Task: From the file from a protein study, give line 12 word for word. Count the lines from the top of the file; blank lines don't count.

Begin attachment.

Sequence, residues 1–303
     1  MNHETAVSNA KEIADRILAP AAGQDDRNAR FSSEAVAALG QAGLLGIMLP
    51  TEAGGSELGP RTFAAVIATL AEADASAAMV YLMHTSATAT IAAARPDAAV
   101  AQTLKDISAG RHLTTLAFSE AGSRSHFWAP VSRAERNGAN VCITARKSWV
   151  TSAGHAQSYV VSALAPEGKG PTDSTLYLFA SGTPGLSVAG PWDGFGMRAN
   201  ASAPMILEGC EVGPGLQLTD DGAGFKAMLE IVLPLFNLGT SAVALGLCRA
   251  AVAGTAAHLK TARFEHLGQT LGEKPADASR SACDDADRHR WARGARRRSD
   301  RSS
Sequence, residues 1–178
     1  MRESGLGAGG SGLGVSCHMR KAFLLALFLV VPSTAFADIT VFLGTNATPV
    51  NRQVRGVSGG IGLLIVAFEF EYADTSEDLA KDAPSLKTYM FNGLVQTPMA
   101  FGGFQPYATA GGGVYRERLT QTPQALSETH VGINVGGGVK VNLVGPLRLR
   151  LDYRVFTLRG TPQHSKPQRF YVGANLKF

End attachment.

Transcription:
   101  FGGFQPYATA GGGVYRERLT QTPQALSETH VGINVGGGVK VNLVGPLRLR